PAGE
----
writing character

Beggars are generally a friendly lot but I still felt somewhat nervous when I asked him if I could talk to him for a while.

“You’ll have to pay me,” he said roughly, “no-one gives money while someone’s talking to me. I need condensating.”

I doubted that what he said was true, but I threw a fiver into his hat anyway. After all – I was getting something out of the deal. The moment the fiver landed it was whipped out by his wart covered hand.

“No-one gives money if they see that I already have plenty,” he said by way of explanation.

I didn’t doubt that at all. I eased myself into the doorway with him, trying not to wrinkle my nose as I caught a whiff of something rather unpleasant. That done, I looked straight into eyes that were just a little too close for comfort and asked, “what if you could earn a living by doing nothing more than just sitting there?”

“I already am squire.”

This I knew to be true. I’d caught a glimpse of a bundle of notes as he’d stuffed my fiver in amongst them. But I persisted. “Seems to me that people don’t want to give money to beggars because they’re not actually doing anything for the money and, well, to be frank, that’s exactly why they’d rather give money to buskers instead.”

“Fair point squire,” he said nodding, “what did you have in mind?”

‘This is going rather well,’ I thought to myself and started my spiel: “there are three things people want and these are information, value for money and a feeling that they’re making a difference in the world.” I paused and watched him closely.

He watched me back with a shrewd expression and then looking away he noisily cleared his throat. “Here’s how I see it squire …”

“Call me Tarquin,” I said. This squire business was starting to stick in my craw.

“Here’s how I see it squire,” he said with a distinct firming of his jaw, “people generally want money, more money and a little something to relax them at the end of the day – in that hexact order.”

“Well, yes, that could work too,” I said with a slight fall to my crest, “but here’s the thing – people still want something for their money,”

He nodded briefly and I forged on, “so this is what I was thinking. I’m a writer and a damned good one too. If you were to relate your story to me and I type it and get it printed up – maybe with a picture of you on the cover,” I was almost gabbling now in my nervousness but I saw something of a glint in his eye and so I carried on more boldly, “it strikes me that people would be interested in how you came to be in this … state and would be more willing to pay you for the story of your life than give you money for nothing.”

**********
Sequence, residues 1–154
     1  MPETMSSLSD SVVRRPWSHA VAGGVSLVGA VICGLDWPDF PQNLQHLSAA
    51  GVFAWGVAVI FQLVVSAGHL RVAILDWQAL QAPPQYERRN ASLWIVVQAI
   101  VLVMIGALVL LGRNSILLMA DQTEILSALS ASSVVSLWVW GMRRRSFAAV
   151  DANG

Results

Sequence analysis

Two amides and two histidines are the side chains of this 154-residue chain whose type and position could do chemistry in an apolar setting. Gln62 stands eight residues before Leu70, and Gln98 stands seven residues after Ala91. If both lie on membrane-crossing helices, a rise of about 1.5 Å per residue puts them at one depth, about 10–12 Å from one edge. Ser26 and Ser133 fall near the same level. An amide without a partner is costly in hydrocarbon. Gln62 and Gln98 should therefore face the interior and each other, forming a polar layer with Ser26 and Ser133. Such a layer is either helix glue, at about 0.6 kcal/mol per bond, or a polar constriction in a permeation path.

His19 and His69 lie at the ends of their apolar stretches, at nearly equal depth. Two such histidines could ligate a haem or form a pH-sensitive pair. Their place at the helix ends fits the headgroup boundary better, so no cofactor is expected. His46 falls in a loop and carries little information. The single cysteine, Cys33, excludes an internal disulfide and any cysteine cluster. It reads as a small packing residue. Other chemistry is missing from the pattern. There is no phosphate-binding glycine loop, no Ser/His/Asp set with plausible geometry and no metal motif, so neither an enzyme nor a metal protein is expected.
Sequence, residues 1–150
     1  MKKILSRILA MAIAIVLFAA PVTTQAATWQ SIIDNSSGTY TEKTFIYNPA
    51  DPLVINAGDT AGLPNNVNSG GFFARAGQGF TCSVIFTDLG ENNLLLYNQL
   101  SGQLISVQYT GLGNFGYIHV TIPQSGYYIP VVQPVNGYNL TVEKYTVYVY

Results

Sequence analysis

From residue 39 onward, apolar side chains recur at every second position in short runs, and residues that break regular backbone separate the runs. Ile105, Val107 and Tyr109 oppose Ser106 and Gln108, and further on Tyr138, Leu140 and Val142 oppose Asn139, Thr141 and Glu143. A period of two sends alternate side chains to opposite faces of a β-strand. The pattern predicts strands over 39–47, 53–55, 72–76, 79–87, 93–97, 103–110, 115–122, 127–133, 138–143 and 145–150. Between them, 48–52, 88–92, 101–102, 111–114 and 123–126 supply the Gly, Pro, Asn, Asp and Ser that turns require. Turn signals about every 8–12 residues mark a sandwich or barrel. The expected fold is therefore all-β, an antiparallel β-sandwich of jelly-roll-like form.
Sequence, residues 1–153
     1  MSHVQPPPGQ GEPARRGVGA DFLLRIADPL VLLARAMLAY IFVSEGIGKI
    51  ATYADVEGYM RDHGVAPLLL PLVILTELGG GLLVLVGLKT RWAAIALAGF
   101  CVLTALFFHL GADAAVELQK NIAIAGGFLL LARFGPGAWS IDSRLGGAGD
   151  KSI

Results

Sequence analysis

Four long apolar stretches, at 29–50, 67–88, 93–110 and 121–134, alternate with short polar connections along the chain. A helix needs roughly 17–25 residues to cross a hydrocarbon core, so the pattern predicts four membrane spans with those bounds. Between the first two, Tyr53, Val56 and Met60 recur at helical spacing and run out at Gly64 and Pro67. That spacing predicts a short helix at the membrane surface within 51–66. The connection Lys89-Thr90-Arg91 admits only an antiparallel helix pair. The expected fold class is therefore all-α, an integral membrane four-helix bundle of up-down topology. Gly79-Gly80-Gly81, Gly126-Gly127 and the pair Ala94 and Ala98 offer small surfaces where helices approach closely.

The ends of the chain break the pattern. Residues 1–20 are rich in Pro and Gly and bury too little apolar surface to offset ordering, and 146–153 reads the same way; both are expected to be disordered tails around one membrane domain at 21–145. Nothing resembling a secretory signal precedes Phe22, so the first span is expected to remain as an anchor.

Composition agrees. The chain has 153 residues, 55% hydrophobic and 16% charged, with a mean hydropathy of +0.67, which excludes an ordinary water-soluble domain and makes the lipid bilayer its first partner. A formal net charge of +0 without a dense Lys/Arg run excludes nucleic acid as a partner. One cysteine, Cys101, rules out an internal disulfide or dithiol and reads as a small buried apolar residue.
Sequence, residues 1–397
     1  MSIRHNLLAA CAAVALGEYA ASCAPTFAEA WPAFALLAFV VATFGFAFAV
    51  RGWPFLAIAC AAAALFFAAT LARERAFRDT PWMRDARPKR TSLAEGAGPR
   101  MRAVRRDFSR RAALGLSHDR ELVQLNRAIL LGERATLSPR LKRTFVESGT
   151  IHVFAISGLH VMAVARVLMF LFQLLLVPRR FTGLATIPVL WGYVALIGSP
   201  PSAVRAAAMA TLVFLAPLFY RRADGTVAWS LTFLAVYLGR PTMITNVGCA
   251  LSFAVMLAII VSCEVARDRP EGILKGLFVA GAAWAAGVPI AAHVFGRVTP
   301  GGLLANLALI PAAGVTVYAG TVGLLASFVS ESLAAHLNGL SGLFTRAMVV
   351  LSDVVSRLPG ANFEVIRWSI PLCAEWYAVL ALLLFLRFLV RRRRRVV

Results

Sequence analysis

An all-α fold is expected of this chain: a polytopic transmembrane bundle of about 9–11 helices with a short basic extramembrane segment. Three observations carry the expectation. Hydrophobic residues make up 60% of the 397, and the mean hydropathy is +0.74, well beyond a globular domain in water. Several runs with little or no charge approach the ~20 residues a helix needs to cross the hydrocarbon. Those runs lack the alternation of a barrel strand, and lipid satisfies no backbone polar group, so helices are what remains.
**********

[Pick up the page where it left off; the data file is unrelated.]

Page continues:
That same shrewd expression was back on his face. “What’s in it for you?”

I swallowed, nodded once and said, “well, I’d retain copyright obviously. It’s my writing after all.”

“You’d have to pay me then,” with more than a hint of petulant child in his voice, “it’s my story.”

I was ready for this, “Copies at cost – as many as you want and you’d be able to get a quid each – more if you want. You’re looking at 400% profit on each one – at least. And the beauty is, none of the punters know you so it doesn’t even have to be your story. Heck, it only has to be moderately interesting – no-ones going to be demanding a refund.” I stopped, fighting to keep the look of triumph from my face, because I sensed that I had him.

“Alright then, lets get on with it. I hope you’re a fast writer. My name is …”

“Wait, let me get my …” I unzipped a pocket and pulled out my trusty smartphone. Tapping on the screen I found the app I wanted and stabbed the Record button. “Right, off you go.”

“My name is Tarquin,” he said with a hint of amusement about his whiskery face “and I was born …”

I relaxed back against the doorframe, barely listening to the drone of his words. That was four already today – eleven for the week and it was only Wednesday. My secretary had already transcribed most of them and I had the satisfying feeling that I was well on my way to a bestseller.

The deal from the publishers was lucrative – something about it being an untapped market and I smiled contentedly as the sun wound its way slowly across the sky. All was truly well with the world.

13 thoughts on “writing character

    • It didn’t occur to me that this was what he was doing until I re-read it this morning and then my thought was ‘begging from the beggars’.
      Your interpretation is better though.


  1. Well, that was brilliant! I was hooked from the beginning right till the end! Superbly written, with the two nasty little characters painted so vividly, and with your characteristic sense of humour! #hookedasiscrolled

    Liked by 1 person

      • I know just what you mean! I get so involved with writing or doing my “What is a Mind” lessons that it’s late before I know it. Luckily I’m not on a set schedule most of the time so it’s OK. Sometimes my two “fur babies” get up in my face wanting “Mommy” to WAKE UP!! One is a Chiweenie (half Chihuahua and half weenie dog) and the other is a Pomeranian. The Pom is the most obnoxious of the two. Some morning I shamble to the back door to let them out and when they are ready to come back in, we all go back to bed for a bit. They usually settle back in and we all go back to sleep… until they decide we all need to EAT!! Sigh. I love the pests anyway.

        Liked by 1 person

      • Yes, I think they do. Someone in the class about minds said “Maybe dogs think they are slaves!” My answer was that maybe I am the slave! After all, those two never have to hunt for food, they have a snug warm place to sleep, and they never have to raise a paw to do anything. Slaves? I think not!

        Liked by 1 person

  2. Pingback: Arts Council England Project | robertcday

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